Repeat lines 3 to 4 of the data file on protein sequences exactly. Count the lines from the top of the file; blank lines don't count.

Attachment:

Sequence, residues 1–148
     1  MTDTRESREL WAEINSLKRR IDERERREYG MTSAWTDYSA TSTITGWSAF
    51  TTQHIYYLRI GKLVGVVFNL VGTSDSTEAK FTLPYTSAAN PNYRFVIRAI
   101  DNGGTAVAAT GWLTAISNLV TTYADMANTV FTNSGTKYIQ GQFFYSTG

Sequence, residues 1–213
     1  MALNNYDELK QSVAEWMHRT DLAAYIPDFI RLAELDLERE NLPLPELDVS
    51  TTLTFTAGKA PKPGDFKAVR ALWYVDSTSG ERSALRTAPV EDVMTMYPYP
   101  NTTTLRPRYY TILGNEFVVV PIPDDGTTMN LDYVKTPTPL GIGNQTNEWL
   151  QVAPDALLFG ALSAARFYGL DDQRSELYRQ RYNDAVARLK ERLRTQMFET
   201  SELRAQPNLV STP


    51  TTQHIYYLRI GKLVGVVFNL VGTSDSTEAK FTLPYTSAAN PNYRFVIRAI
   101  DNGGTAVAAT GWLTAISNLV TTYADMANTV FTNSGTKYIQ GQFFYSTG